Governors Awards: Current Oscar Hopefuls Threaten to Steal Honorees' Limelight

Bryan Cranston at Governors Awards - H 2015
Courtesy of Matt Petit/A.M.P.A.S.

Gena Rowlands was celebrated as a game-changing actress. Spike Lee spoke about the adversity faced by minorities in the business. And poor health forced Debbie Reynolds to miss the biggest night of her career. I could go on about the three people honored at the 7th annual Governors Awards, but let's face it: the event is now at least as much about the dozens of current Oscar contenders in the room as it is about the handful of industry vets they're ostensibly there to honor.

So let's talk about that.

There were few serious hopefuls who weren't at the Hollywood & Highland Center on Sunday night. Those who were there were seated at tables paid for by distributors angling to get them face time with the Academy members who packed the room (including almost the entire Board of Governors, which hosts the event — hence its name). Cate Blanchett, a two-time winner now in the running for both Carol and Truth, acknowledged the elephant in the room when asking attendees to face the left side of the ballroom for a group photo like those taken at the earliest Oscars ceremonies: "Say 'cheers' — or 'vote for me!'"

In fairness, some current contenders had legitimate reasons for being there: Blanchett and Laura Linney (Mr. Holmes) were part of the tribute to Rowlands; Jane Fonda (Youth) and Meryl Streep (Ricki and the Flash) helped to celebrate Reynolds; and Samuel L. Jackson (The Hateful Eight), joined by Denzel Washington and Wesley Snipes, handed Lee his prize.

But there really is only one reason the others were there — including some of the community's most reserved (Carol's Rooney Mara) and reclusive (Black Mass' Johnny Depp) members. And that was self-promotion, facilitated by distributors, which fly in talent specifically for this event and countless others scheduled around it throughout the weekend, and publicists, who are seated with the talent inside the room in order to make the necessary introductions.

The Academy is apparently fine with all of this, even promoting current contenders' attendance on advance tip-sheets and inviting them to make their way into the ballroom via a separate entrance: a red carpet lined with photographers. And you know what? Despite initial reservations, the more I think about it, so am I. If this is what it takes to get today's Hollywood out to celebrate yesterday's — in other words, if this is what it takes to get them to, forgive the pun, do the right thing — then so be it.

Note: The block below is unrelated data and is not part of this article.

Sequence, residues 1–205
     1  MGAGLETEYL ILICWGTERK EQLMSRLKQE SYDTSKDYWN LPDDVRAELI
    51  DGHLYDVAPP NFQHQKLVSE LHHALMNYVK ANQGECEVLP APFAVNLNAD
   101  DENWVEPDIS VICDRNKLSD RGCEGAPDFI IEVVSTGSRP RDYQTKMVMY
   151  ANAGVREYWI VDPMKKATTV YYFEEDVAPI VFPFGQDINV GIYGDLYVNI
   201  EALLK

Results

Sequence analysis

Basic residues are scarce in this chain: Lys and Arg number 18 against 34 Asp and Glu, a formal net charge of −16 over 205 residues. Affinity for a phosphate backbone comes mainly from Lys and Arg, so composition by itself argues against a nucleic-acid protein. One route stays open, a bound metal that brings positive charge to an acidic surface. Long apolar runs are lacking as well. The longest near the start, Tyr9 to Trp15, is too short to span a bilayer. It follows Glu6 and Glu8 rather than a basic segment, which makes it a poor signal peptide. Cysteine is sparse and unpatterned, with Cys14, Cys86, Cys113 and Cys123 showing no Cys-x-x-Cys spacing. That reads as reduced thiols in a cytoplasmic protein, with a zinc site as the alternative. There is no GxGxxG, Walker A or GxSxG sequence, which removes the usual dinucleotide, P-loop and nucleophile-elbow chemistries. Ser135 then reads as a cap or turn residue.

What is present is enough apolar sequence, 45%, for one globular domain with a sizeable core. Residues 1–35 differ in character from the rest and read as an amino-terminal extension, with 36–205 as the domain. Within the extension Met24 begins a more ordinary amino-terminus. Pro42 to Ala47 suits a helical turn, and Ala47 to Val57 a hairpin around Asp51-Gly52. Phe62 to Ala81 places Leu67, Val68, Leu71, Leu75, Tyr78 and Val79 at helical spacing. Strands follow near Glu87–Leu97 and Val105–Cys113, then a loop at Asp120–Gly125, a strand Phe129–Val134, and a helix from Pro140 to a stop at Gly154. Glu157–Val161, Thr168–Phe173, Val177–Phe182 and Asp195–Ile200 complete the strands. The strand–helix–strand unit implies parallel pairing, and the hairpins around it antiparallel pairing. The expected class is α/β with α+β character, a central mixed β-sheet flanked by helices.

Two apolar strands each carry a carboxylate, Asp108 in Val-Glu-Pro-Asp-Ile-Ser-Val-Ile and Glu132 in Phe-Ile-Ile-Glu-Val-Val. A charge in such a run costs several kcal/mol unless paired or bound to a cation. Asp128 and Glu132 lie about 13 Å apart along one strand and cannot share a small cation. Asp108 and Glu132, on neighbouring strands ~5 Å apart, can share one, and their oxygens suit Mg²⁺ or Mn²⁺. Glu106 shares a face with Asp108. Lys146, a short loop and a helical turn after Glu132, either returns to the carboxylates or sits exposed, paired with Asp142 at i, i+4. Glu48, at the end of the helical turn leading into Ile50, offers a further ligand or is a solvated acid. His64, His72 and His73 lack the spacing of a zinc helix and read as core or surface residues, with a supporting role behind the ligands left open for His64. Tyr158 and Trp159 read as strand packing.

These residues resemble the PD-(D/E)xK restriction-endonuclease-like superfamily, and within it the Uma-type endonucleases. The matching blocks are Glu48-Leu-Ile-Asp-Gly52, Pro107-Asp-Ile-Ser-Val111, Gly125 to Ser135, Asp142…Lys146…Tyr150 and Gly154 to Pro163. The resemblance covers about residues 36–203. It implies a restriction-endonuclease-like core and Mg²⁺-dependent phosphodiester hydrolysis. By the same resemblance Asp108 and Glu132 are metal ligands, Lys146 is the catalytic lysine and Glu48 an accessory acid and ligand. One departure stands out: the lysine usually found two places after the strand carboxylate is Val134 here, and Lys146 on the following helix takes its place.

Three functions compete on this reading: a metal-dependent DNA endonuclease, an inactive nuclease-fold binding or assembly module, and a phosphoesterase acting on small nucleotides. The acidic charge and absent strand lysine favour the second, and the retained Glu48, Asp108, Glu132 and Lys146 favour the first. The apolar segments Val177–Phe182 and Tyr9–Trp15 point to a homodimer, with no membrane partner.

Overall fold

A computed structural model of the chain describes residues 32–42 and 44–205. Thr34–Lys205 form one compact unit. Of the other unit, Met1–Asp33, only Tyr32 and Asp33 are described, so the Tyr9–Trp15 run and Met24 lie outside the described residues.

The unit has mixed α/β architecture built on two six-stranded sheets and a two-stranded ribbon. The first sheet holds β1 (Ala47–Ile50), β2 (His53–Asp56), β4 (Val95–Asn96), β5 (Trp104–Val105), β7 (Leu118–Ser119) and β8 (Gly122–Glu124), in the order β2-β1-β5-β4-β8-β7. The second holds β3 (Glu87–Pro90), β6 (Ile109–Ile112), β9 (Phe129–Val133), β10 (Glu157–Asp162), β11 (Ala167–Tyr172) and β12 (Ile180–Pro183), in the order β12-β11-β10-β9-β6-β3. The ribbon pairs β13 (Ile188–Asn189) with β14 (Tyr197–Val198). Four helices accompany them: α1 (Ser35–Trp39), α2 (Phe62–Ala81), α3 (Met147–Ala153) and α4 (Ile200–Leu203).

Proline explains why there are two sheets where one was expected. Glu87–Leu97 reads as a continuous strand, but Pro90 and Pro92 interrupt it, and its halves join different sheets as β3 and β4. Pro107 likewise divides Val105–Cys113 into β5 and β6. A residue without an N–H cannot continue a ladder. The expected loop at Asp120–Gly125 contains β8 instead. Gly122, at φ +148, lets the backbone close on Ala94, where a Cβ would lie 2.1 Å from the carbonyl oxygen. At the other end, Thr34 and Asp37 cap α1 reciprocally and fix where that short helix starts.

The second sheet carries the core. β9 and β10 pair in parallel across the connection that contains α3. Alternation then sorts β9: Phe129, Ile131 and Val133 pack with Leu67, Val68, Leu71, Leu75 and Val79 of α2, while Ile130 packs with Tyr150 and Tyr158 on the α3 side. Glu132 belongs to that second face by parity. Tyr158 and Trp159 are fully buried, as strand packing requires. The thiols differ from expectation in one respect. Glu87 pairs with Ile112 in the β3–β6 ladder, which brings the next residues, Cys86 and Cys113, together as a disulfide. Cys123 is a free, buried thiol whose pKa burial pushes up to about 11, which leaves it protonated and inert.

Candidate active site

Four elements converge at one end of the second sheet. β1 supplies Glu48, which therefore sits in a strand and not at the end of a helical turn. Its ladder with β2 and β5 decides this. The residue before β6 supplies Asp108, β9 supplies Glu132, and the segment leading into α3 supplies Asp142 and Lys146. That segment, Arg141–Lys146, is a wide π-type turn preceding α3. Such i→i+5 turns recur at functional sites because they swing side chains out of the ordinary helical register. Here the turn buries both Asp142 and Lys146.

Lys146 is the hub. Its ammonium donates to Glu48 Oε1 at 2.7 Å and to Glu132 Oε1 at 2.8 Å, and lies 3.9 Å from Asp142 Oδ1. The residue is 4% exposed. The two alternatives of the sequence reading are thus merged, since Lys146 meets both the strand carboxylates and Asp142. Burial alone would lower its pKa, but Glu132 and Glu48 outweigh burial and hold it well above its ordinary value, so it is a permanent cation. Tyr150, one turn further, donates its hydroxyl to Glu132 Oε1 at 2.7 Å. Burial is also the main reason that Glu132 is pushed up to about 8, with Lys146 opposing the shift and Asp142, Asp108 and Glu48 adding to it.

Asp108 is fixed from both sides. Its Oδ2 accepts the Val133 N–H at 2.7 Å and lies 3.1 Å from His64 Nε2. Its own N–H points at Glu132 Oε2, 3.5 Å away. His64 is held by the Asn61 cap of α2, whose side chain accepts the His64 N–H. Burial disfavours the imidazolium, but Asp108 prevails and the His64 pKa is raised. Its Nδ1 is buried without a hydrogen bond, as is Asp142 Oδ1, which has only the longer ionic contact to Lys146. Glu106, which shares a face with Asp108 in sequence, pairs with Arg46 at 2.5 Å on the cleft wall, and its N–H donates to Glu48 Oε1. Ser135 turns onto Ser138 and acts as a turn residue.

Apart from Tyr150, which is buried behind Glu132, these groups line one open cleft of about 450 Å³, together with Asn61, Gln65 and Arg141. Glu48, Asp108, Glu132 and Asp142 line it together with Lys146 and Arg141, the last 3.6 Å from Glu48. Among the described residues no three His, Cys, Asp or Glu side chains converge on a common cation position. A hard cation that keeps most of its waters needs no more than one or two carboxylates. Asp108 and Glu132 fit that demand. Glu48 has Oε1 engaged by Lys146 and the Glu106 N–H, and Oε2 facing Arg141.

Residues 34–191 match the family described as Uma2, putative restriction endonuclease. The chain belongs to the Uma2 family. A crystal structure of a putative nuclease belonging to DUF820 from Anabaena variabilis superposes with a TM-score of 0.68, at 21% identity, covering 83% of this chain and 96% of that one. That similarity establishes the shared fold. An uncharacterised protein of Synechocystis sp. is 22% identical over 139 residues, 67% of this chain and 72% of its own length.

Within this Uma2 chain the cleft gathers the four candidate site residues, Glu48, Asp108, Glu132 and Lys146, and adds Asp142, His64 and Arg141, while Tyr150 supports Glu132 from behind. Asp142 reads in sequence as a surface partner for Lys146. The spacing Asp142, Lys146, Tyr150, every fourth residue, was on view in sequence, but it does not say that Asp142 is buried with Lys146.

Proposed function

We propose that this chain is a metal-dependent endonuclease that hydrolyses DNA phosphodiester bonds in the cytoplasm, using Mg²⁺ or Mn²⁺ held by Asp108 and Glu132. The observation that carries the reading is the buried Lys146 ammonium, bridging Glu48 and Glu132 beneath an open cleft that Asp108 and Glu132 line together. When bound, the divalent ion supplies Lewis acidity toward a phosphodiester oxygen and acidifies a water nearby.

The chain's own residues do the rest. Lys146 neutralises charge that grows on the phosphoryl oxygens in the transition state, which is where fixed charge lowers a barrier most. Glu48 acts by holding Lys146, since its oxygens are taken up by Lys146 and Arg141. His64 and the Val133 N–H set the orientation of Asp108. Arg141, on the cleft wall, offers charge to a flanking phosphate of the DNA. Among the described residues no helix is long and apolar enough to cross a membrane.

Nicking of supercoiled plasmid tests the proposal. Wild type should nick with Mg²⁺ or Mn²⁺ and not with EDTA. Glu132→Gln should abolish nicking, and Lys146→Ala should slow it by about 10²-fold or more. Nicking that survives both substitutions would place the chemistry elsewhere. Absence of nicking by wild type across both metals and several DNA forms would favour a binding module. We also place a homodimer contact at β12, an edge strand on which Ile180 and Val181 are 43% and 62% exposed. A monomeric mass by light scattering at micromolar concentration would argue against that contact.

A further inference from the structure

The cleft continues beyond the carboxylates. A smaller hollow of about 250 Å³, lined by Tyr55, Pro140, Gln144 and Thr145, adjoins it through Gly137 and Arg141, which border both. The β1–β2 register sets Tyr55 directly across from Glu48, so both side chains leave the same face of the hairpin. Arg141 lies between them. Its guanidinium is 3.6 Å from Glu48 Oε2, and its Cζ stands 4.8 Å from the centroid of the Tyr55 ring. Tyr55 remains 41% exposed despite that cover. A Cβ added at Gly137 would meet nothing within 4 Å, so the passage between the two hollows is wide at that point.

While circulating throughout the room between segments of the show, I chatted with and observed attendees of all sorts. This is not a full list of who was in attendance, as I've provided in past years, but rather a list of a handful of things I personally witnessed:

Depp bending on one knee to introduce himself to, compliment and straighten the tie of nine-year-old Jacob Tremblay (Room), who, accompanied by his mother, received compliments everywhere he went.

Concussion's Will Smith, seated across the aisle from me, with a young relative who he brought as his guest, as well as the film's director Peter Landesman and Dr. Bennet Omalu, the Nigerian doctor Smith plays in the film.

Streep catching up with her Julia costar and fellow multi-Oscar winner Fonda; huddling with Reynolds' daughter Carrie Fisher (Star Wars: The Force Awakens); and posing for pictures and chatting with Trainwreck's Amy Schumer.

Straight Outta Compton's F. Gary Gray, O'Shea Jackson, Jr., Jason Mitchell and Ice Cube taking in the scene.

Rachel Weisz (Youth), accompanied by husband Daniel Craig (Spectre), introducing herself to Lily Tomlin (Grandma) after Tomlin wrapped up a conversation with her costar Sam Elliott.

A group of Netflix-connected filmmakers — Liz Garbus (What Happened, Miss Simone?), Evgeny Afineevsky (Winter on Fire) and ultimately Tomlin — hanging with Netflix chief Ted Sarandos and vp of original documentary and comedy programming Lisa Nishimura.

The Danish Girl's Tom Hooper fielding compliments and questions about his muse Eddie Redmayne (who couldn't attend as he's shooting a film, like Straight Outta Compton's Corey Hawkins).

Mr. Holmes' Bill Condon, Ian McKellen and Linney sticking close together throughout the night.

And Fonda — whose brother Peter Fonda also was in attendance — congratulating Rowlands: "I'm so proud of you! I'm so excited for you!"

The 88th Academy Awards will take place on Feb. 28. The 7th Academy Governors Awards was, for all intents and purposes, its dress rehearsal. In fact, there may have been more big names at the former than there will be at the latter.